Friday, September 30, 2011

Compact fluorescent lamps (CFL) may have become popular for their energy saving capabilities, but they pose great danger to the health of Indians

CFLs can really harm you


Compact fluorescent lamps may have become popular for their energy saving capabilities, but they pose great danger to the health of Indians as they contain toxic metal mercury much higher than the international standards, a study revealed.
The study 'Toxics in That Glow-Mercury in Compact Fluorescent Lamps (CFLs) in India' conducted by an NGO Toxics Link found that average mercury content per unit in CFL was around 21.21 mg, which is much higher than the internationally known standards ranging four to six times the CFLs sold in many developed countries.
A total of 22 samples of CFLs of four well known brands sold in India were analysed for mercury content. Mercury was found to be in the range of 2.27 to 62.56 mg per unit. The US cap is 4mg per CFL unit for up to 25 watts and 5mg for CFL units over 25 watts. In the European Union, the restriction of Hazardous Substances (ROHS) law mandates the cap to 5mg per CFL.
Mercury, a highly toxic metal, is known to impact vital organs such as level causing developmental and neurological problems. The study said greater exposure of mercury will affect health of waste workers and local inhabitants.
"The Indian CFL industry is exploiting the new market opened up by the climate change crisis, however, they are creating a toxic crisis. Instead of following the best practices in the world, they are putting the Indian consumer at risk trough high level of mercury," said Toxics Link Director Ravi Agarwal after releasing the study here.

Indian kids not the fittest for playfield Unhealthy eating habits and lure of TV put our children at risk of becoming inactive Adults

Indian kids not the fittest for playfield

Unhealthy eating habits and lure of TV put our children at risk of becoming inactive Adults


Your children may feel like 'Superman' or John Cena, but the reality could be far from that. Unhealthy eating habits, having junk and processed foods, and the lure of sedentary options, including entertainment like TV, Internet and video games, has put an entire generation of Indian children at a risk of growing up to be inactive and unhealthy adults.
An annual study conducted by EduSports in 39 Indian cities during 2010-11 found that 61% percent of school children do not possess adequate skills to engage in sport; 48% are not fully proficient in running; 64% were not proficient at hopping; and 71% are unable to throw a ball or catch it properly.
As many as 19,797 children from 73 schools participated in the study, which analysed children in the age group of 7-10 on skills pertaining to loco-motor, manipulative, non-manipulative (or balancing) and spatial awareness skills. These skills are fundamental to any physical activity or sport.
At least 43% of the children had unhealthy body composition. Among the entire group, 24% recorded higher than normal signs of over-weight/obesity, coupled with poor flexibility scores. The remaining 57% had average to poor scores.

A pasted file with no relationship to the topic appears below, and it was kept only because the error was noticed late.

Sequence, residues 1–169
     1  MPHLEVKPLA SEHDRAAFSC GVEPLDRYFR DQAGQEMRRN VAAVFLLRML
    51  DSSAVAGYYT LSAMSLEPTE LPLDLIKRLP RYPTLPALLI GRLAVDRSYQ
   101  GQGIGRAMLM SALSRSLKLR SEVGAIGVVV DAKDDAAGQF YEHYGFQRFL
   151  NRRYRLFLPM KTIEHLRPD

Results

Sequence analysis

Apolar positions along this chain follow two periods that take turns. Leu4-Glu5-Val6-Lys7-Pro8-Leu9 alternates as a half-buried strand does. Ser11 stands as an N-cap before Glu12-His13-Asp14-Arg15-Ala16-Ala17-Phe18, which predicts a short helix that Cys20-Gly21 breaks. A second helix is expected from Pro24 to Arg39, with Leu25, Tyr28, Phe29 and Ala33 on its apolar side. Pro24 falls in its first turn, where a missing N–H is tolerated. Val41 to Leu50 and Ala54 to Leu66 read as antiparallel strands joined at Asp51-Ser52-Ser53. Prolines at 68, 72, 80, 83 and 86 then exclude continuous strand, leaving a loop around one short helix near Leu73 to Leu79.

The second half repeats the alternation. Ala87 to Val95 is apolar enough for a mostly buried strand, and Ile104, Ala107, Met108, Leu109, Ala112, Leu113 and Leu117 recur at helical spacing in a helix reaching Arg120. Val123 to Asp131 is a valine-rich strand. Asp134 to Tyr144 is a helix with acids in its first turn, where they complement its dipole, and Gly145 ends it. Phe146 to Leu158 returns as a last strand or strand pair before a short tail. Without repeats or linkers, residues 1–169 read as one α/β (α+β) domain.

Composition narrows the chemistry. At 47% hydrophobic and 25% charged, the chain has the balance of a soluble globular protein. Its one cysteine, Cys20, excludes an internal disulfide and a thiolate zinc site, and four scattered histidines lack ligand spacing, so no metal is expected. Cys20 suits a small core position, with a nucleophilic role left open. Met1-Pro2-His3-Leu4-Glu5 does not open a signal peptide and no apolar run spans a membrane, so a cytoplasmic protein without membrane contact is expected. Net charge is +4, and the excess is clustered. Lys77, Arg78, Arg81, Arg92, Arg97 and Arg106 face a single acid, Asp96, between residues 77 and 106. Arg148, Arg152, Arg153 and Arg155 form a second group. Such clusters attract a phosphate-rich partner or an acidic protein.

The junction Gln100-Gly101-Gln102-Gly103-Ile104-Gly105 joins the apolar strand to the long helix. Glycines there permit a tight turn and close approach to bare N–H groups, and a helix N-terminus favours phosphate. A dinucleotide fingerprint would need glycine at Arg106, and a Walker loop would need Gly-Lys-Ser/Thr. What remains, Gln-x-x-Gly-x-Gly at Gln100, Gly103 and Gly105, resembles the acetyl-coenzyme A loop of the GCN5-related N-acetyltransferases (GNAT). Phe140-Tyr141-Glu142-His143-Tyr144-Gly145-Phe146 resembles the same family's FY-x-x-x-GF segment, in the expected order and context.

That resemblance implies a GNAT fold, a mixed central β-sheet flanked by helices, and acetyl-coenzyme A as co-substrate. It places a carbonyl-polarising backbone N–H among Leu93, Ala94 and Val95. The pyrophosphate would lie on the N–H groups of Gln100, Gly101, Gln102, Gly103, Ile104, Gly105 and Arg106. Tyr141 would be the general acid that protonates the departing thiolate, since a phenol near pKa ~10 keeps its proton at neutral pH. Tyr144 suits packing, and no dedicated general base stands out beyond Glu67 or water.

The fitness parameters for the study included endurance recorded by making children run/walk for 600 metres), recordings based on making them cover 30 metres in sprint, body/muscular strength (measured by sit & reach activity, sit ups, standing long jump), and flexibility and body mass index which identified children as underweight/healthy/over-weight or obese.
Combined, the children were found to have poor levels of skill development and low levels of physical fitness. These are known to deter children from physical activity and sports as they grow.
However, on a positive note, another programme which was embedded in the study found that a controlled and structured physical education programme, focussing on skill and fitness building (as per the age of the child) showed a marginal improvement across all key parameters among the children.

Car queries and answers

Any chances of Honda City
coming out with a diesel variant?
What would be a better
buy between Verna Fluidic 1.6
SX and Vento Highline TDi in terms of comfort
and mileage considering I drive 80-90
kms within Mumbai on weekdays?
— Ravindra Puranik, by email

Honda does have a diesel engine under development,
but it will take a long time to hit
the roads, as far as we know. The Verna should
be your first choice followed by Vento.

I have a petrol Indica Xeta V2 bought in
November last. I get a mileage of hardly 7-
8 kmpl. My daily usage is about 15 kms. I am
currently thinking of going for a new vehicle
in the range of `4-5 lakh as my daily usage
would be increasing shortly. Is it advisable
to go for a diesel/CNG vehicle in view
of the increased cost of petrol? Which is the
ideal vehicle for me? — A Thomas, by email

Hi, the mileage on your car might be so
low because the engine might not have
warmed up completely during the short distance
drive. If you’re happy with the car otherwise,
try using it for a couple of long distance
drives and see if the mileage improves
any. If you still want to buy a new car, take
a look at the Chevrolet Beat Diesel or the
Toyota Etios Liva diesel.

Recently I bought an i10 Asta which has
Bluetooth connectivity. The user manual
says the Bluetooth can be activated using